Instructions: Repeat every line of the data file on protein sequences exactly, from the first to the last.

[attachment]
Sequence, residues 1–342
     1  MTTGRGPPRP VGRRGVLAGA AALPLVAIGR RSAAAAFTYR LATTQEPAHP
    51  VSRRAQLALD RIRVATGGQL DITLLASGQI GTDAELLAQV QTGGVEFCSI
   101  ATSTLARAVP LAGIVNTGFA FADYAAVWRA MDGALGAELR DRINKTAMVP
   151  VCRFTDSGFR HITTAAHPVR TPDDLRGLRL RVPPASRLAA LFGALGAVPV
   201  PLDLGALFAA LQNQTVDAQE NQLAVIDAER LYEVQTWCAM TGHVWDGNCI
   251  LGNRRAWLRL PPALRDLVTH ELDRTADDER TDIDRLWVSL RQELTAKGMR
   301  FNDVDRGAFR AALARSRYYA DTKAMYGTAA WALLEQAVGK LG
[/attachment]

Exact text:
Sequence, residues 1–342
     1  MTTGRGPPRP VGRRGVLAGA AALPLVAIGR RSAAAAFTYR LATTQEPAHP
    51  VSRRAQLALD RIRVATGGQL DITLLASGQI GTDAELLAQV QTGGVEFCSI
   101  ATSTLARAVP LAGIVNTGFA FADYAAVWRA MDGALGAELR DRINKTAMVP
   151  VCRFTDSGFR HITTAAHPVR TPDDLRGLRL RVPPASRLAA LFGALGAVPV
   201  PLDLGALFAA LQNQTVDAQE NQLAVIDAER LYEVQTWCAM TGHVWDGNCI
   251  LGNRRAWLRL PPALRDLVTH ELDRTADDER TDIDRLWVSL RQELTAKGMR
   301  FNDVDRGAFR AALARSRYYA DTKAMYGTAA WALLEQAVGK LG